Can I Remove a DVO?
Whether or not you can remove a DVO depends, firstly, on whether you are the applicant (or whether the police made an application on your behalf) or whether you are a respondent to the order.
The ability to remove the order then rests upon what stage of the proceedings the matter is up to – whether the order has been made permanent or if it is still a temporary protection order.
If the DVO is permanent, then the only way to remove it is to make an application, to a Magistrates Court, to vary the order and reduce its duration to, in effect, “0”. There is no power for a court to outright dismiss or remove a DVO once it is made permanent, but varying the duration so that it ends immediately is possible. Anybody who is a party to the DVO can apply for a variation any time it is in force (either the respondent, the aggrieved, the applicant or a named person may apply).
If you are the applicant, and the order is still a temporary one, you are entitled to withdraw your application and ask the Magistrates Court that the temporary order be dismissed. This is done by contacting the court registry where you filed your application and asking them to withdraw it. You will normally then be asked to appear in court to explain your desire to withdraw the application to a magistrate. You, of course, should not take this course if the order is necessary for your protection or the protection of a named person.
If you are not the applicant, because the police made an application for protection on your behalf, then you need to secure the agreement of police to withdraw the application and have the temporary order dismissed. This agreement is rarely given.
If you are the respondent to a temporary protection order, the only option you have to “remove” it (assuming the applicant or aggrieved do not withdraw their application) is to contest the order being made in a permanent form.
How do I get the Aggrieved to Remove a DVO?
In short, you can’t and you should not try to. Attempting to force, or convince, an aggrieved person to apply to a court to vary a permanent protection order risks committing a variety of potentially serious offences, not least of which is likely to be breaching condition of the order.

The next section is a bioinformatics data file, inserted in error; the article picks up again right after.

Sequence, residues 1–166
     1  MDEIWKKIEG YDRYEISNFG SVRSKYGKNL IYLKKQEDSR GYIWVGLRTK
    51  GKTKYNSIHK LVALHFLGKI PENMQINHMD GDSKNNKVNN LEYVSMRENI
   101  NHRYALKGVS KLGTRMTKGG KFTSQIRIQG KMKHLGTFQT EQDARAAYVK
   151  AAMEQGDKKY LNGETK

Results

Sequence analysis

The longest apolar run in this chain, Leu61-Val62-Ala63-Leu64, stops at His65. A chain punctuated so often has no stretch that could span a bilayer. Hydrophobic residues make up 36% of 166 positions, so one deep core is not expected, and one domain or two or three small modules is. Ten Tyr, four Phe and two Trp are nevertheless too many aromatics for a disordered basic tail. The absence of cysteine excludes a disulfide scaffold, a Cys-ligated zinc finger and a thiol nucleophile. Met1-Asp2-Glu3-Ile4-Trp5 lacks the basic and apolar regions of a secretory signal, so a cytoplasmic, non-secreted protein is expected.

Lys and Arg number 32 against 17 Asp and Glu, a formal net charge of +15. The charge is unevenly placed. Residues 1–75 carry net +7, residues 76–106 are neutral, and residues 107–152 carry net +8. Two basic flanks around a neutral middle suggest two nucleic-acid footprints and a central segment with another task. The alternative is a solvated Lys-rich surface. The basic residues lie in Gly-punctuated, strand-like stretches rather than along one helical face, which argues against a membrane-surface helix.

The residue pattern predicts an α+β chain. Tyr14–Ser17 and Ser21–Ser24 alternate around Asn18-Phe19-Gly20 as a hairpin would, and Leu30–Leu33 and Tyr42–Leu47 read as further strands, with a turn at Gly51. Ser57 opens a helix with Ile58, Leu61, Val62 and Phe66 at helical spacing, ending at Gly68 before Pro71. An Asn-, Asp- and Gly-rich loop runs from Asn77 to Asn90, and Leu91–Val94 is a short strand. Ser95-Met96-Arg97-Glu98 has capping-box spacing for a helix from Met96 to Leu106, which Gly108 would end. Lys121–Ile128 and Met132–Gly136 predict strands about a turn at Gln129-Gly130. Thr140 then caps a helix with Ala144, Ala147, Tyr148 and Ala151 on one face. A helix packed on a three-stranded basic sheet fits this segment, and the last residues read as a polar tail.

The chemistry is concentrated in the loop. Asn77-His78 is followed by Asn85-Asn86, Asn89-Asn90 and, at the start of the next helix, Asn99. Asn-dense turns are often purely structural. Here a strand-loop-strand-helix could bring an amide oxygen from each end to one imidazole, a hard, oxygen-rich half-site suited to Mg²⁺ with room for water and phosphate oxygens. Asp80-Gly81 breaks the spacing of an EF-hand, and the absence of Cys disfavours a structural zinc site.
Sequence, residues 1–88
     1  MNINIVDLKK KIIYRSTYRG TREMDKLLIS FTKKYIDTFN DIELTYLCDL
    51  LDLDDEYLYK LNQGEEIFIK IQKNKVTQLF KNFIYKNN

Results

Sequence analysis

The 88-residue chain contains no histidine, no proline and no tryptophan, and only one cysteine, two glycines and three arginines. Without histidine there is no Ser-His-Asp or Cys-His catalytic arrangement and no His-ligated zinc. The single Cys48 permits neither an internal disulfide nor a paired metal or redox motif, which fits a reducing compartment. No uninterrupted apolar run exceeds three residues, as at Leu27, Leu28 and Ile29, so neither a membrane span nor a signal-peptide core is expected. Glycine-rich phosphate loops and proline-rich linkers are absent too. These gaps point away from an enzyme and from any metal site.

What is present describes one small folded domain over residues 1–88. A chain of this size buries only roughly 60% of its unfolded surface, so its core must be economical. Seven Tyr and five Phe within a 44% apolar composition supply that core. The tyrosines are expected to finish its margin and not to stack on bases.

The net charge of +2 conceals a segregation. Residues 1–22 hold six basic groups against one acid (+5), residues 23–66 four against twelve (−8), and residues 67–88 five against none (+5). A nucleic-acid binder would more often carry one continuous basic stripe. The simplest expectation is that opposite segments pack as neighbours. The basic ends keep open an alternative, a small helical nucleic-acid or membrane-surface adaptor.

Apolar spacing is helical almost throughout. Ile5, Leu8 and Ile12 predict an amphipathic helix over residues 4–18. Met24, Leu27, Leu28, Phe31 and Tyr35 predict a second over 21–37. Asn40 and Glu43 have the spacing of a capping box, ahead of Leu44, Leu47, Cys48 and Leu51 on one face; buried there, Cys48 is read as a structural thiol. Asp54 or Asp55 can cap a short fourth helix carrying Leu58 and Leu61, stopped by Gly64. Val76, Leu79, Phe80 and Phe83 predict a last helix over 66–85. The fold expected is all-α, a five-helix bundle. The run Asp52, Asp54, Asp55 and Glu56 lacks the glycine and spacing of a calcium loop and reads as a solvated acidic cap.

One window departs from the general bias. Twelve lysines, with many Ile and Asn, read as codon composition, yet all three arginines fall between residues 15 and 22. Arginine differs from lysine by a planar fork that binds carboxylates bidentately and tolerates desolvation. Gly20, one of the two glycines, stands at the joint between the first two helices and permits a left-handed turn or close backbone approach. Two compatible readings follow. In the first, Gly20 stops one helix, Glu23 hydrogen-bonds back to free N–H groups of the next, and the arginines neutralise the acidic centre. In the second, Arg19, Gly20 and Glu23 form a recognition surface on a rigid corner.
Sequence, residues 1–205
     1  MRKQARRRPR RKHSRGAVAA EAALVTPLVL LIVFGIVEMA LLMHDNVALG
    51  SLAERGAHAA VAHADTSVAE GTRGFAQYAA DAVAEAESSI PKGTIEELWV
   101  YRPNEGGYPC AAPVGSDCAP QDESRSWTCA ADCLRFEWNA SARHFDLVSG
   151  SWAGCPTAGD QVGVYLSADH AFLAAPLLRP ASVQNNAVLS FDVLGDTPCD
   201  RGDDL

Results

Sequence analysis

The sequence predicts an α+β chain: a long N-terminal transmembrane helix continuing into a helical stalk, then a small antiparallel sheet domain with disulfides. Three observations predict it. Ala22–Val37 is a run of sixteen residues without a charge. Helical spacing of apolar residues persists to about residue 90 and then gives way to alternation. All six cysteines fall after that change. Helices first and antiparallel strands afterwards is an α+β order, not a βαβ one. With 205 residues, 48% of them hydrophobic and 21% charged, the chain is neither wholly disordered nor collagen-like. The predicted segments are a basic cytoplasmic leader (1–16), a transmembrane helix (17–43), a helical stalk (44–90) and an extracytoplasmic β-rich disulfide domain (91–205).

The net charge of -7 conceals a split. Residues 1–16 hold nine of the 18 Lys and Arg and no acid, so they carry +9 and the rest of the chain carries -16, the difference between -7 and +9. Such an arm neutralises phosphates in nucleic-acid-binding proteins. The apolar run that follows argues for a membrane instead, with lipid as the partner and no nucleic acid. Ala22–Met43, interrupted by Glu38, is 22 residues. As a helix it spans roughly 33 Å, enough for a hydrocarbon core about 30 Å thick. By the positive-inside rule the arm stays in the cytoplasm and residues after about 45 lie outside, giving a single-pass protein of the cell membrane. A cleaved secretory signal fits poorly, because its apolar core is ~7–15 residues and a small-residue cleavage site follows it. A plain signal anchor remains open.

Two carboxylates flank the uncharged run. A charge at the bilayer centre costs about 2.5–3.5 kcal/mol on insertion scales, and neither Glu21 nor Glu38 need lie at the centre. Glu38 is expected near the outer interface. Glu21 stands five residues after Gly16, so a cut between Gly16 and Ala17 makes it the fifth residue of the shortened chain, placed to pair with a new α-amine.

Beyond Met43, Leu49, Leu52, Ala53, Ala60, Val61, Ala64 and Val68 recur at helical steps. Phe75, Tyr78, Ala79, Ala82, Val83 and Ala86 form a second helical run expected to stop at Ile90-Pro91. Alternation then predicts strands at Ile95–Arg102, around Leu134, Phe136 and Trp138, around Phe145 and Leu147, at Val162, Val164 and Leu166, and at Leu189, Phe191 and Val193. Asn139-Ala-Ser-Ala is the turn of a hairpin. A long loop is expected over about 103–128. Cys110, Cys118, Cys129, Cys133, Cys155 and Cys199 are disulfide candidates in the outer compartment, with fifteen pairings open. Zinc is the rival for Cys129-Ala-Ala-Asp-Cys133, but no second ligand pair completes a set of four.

Far better than attempting to remove the DVO is to contest it being made right from the start. If this is not feasible in your situation, you should consult a lawyer experienced in Domestic Violence law to help you in relation to the order and to explore how, if possible, you can have the order varied.
For advice or representation in any legal matter, please contact Armstrong Legal.
Queensland introduced the Domestic and Family Violence Protection Act 2012 to provide enhanced protection for victims of domestic and family…
There are several types of Domestic Violence Orders. Temporary Protection Order Temporary Protection Orders are designed to provide you with…
At a Domestic Violence Order hearing, both parties attend court and answer any questions from the other party and/or magistrate…
WHERE TO NEXT?
If you suspect that you may be under investigation, or if you have been charged with an offence, it is vital to get competent legal advice as early as possible. Our lawyers are highly specialised in criminal law and will be able to guide you through the process while dealing with the various authorities related to your matter.
WHY CHOOSE ARMSTRONG LEGAL?